"This is not a subject that everybody is going to get their first choice on, what you try to do is come up with something that everybody can live with, get comfortable with and understands the value of. Because if you ask 30 clubs, you'd probably get 30 different solutions"
He should have followed that up with a firm "So suck it!"
As a fan and a season ticket holder, I love that we're guarunteed a home game against every team in the NHL and look forward to the chance to build a rivalry with Tampa Bay based on the playoff series last year. Plus, the potential Stanley Cup Finals match ups are enough to make my gibblets tingle with excitement. I admit that I don't like only seeing Philly and Pittsburg a couple times a season, but there was no way a realignment was going to be perfect, and I think any the cons to this plan are just a trade off to an otherwise solid setup.Justin:
I like it for the most part. I like that the Bruins are still in a division/conference/whatever with the Habs, Leafs, Sens and Sabres. It means plenty of trolling time for us and, really, the NHL wouldn't be the same if the Bruins didn't face those guys several times a year. The Bruins division/conference/whatever has every team I don't like... and then the Panthers. Oh well. Maybe we can trade the Panthers for the Canucks.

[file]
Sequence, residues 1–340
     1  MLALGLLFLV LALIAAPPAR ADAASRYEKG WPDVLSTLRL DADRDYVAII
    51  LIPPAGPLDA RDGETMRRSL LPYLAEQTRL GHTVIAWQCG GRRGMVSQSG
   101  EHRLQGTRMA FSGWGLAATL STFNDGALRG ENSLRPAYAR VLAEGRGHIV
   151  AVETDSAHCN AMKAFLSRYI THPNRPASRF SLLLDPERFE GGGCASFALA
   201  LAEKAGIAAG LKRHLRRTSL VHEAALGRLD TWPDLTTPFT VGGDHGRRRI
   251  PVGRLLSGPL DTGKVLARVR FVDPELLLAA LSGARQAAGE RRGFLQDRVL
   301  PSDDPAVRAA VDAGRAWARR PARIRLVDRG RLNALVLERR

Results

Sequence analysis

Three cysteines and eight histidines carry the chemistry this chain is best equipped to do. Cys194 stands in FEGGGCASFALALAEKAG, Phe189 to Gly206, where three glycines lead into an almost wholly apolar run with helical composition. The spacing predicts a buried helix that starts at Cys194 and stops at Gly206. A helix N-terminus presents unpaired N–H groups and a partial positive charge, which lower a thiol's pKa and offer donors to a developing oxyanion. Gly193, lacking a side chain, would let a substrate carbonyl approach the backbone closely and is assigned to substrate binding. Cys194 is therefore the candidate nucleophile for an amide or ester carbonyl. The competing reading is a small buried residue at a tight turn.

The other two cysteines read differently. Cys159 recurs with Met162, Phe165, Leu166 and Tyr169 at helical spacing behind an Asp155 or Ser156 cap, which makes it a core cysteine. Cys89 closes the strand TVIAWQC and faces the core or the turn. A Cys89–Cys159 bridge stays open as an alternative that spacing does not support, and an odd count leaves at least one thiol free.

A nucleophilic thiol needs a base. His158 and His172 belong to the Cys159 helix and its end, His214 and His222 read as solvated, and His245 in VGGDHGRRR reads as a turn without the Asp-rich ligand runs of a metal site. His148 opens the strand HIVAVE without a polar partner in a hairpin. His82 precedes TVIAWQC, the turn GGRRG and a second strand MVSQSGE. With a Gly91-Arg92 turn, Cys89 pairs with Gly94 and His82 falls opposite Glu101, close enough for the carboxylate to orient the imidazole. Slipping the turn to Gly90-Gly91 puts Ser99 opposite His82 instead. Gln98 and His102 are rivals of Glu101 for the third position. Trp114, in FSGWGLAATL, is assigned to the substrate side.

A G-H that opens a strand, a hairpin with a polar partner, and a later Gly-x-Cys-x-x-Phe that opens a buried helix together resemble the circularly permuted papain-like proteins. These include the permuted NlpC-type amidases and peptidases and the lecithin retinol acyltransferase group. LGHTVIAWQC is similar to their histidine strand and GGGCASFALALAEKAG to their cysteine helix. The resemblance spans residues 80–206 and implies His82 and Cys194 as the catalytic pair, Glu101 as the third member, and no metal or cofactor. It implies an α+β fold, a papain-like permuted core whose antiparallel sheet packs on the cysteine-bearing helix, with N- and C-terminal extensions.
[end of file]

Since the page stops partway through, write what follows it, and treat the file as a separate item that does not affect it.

I also like the idea that the Bruins could face teams in the Cup Final that they never could before. Those semi-finals and Cup finals now are going to be really interesting.
What I'm bummed about is not getting to play other high caliber teams as often. Bruins won't see teams like the Flyers and Pens but twice a year. Gotta wonder how that'll affect teams when the playoffs start. You get used to beating up on the same 6-7 teams all year, you beat up on them in the divisional/conference/whatever tourney and then you finally take on teams you've only faced twice before that season. It'll definitely make things interesting.
I'll be more pissed if the Bruins division isn't called Adams.Pez:
I love it.
I love it so much I want to buy it chocolate candies in a heart shaped box and make little divisions with it.
I think this does a few things for the NHL.